Approximately 70% of the dose absorbed is eliminated in the bile, essentially in the unchanged form. Valsartan does not undergo any noteworthy biotransformation. A doubling of exposure (AUC) was observed in patients with mild to moderate hepatic impairment compared to healthy subjects. However, no correlation was observed between plasma valsartan concentration versus degree of hepatic dysfunction. Diovan has not been studied in patients with severe hepatic dysfunction (see sections 4.2, 4.3 and 4.4).

5.3 Preclinical safety data

Non-clinical data reveal no special hazard for humans based on conventional studies of safety pharmacology, repeated dose toxicity, genotoxicity, carcinogenic potential.

In rats, maternally toxic doses (600 mg/kg/day) during the last days of gestation and lactation led to lower survival, lower weight gain and delayed development (pinna detachment and ear-canal opening) in the offspring (see section 4.6). These doses in rats (600 mg/kg/day) are approximately 18 times the maximum recommended human dose on a mg/m2 basis (calculations assume an oral dose of 320 mg/day and a 60-kg patient).

In non-clinical safety studies, high doses of valsartan (200 to 600 mg/kg body weight) caused in rats a reduction of red blood cell parameters (erythrocytes, haemoglobin, haematocrit) and evidence of changes in renal haemodynamics (slightly raised plasma urea, and renal tubular hyperplasia and basophilia in males). These doses in rats (200 and 600 mg/kg/day) are approximately 6 and 18 times the maximum recommended human dose on a mg/m2 basis (calculations assume an oral dose of 320 mg/day and a 60-kg patient).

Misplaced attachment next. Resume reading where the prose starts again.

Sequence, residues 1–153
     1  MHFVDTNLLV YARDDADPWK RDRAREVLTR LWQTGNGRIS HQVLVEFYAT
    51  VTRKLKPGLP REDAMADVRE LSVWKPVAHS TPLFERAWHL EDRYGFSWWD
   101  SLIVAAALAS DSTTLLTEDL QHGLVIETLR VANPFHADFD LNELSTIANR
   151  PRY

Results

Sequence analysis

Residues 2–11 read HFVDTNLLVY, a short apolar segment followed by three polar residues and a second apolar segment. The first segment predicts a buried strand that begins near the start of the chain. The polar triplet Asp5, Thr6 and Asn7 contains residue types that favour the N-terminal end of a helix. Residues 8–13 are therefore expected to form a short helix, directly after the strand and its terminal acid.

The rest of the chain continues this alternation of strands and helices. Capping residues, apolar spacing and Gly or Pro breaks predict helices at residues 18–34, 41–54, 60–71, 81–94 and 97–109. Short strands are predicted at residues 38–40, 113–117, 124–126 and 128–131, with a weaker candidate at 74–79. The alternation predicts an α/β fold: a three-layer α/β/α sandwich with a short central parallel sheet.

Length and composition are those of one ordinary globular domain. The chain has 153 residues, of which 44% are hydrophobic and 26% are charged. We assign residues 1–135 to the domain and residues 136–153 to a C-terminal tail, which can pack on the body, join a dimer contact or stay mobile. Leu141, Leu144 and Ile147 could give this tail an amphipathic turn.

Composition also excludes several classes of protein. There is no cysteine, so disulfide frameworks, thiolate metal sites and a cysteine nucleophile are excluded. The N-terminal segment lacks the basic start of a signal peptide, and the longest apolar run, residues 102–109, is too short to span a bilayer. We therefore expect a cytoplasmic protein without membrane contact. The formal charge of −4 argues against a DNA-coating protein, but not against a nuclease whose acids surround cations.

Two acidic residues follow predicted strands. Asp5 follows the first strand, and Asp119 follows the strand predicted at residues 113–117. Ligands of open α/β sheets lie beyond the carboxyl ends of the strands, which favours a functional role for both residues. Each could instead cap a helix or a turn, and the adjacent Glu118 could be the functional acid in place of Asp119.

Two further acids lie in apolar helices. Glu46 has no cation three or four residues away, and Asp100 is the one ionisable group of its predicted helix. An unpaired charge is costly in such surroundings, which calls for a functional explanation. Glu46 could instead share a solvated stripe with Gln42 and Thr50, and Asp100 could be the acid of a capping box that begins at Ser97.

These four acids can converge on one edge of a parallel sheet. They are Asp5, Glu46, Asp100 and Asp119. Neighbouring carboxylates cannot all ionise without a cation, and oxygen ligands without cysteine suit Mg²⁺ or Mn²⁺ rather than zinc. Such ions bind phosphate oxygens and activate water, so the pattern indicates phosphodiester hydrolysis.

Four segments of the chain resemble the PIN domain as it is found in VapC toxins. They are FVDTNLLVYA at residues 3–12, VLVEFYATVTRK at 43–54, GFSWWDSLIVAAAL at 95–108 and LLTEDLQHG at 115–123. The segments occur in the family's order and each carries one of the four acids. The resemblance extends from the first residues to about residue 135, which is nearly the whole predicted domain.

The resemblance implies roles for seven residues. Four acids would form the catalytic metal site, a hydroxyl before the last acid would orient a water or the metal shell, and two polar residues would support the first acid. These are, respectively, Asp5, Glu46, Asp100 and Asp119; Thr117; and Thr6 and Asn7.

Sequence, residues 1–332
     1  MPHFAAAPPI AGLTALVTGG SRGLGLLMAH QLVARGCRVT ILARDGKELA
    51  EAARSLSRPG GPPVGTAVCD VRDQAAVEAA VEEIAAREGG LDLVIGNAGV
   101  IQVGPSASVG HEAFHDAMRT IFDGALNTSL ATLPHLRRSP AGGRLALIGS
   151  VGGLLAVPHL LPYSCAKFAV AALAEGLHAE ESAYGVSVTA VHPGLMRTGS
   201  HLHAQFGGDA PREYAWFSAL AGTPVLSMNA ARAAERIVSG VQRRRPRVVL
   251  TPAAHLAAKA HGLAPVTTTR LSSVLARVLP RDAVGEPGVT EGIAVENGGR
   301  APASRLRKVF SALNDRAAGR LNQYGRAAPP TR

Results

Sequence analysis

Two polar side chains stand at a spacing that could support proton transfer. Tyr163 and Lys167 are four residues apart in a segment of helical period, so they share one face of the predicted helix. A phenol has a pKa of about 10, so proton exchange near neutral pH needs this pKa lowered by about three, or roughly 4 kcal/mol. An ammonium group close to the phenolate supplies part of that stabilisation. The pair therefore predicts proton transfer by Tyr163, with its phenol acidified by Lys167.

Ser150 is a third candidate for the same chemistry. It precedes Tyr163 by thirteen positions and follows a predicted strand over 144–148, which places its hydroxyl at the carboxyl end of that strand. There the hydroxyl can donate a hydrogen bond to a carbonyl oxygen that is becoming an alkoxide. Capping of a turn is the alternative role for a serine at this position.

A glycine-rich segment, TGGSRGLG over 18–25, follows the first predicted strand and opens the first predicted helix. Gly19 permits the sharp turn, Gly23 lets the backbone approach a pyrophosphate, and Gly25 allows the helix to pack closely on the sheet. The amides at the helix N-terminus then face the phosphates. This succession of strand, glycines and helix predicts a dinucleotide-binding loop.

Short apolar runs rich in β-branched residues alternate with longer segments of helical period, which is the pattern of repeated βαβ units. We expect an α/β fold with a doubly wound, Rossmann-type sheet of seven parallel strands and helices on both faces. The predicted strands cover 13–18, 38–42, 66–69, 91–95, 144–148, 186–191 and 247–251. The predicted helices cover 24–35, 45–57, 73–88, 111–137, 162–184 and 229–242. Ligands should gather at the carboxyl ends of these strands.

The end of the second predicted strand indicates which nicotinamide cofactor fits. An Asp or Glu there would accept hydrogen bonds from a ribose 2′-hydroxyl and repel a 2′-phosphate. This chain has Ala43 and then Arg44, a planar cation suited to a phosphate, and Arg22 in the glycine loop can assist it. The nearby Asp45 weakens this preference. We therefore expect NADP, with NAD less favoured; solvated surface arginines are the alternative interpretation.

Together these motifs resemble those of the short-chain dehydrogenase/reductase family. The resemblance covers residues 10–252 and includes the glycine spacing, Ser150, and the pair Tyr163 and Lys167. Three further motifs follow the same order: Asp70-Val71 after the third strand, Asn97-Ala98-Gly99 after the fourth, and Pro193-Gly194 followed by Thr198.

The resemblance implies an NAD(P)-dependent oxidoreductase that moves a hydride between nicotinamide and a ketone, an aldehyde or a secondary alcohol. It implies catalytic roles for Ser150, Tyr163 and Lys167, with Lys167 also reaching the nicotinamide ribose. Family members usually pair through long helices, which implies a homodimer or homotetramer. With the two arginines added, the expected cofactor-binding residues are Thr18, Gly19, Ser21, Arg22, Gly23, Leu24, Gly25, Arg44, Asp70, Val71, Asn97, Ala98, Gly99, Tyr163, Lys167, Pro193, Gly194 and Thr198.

In marmosets at similar doses, the changes were similar though more severe, particularly in the kidney where the changes developed to a nephropathy which included raised urea and creatinine.

Hypertrophy of the renal juxtaglomerular cells was also seen in both species. All changes were considered to be caused by the pharmacological action of valsartan which produces prolonged hypotension, particularly in marmosets. For therapeutic doses of valsartan in humans, the hypertrophy of the renal juxtaglomerular cells does not seem to have any relevance.


6.1    List of excipients

Microcrystalline cellulose, polyvidone, sodium lauryl sulfate, crospovidone type A, magnesium stearate, gelatine, propylene glycol, colourings (E171, E172) and shellac.

6.2    Incompatibilities

Not applicable.

6.3. Shelf Life

3 years.

6.4    Special precautions for storage

Do not store above 30°C. Store in the original package in order to protect from moisture and heat.

6.5    Nature and contents of container

PVC/PE/PVDC blister packs.

Packs 7, 28, 98 capsules.

Not all pack sizes may be marketed.

6.6    Special precautions for disposal

No special requirements.


Novartis Pharmaceuticals UK Limited

Trading as Ciba Laboratories

Frimley Business Park



Surrey GU16 7SR

United Kingdom


PL 00101/0526


16/10/1996 / 03/11/2010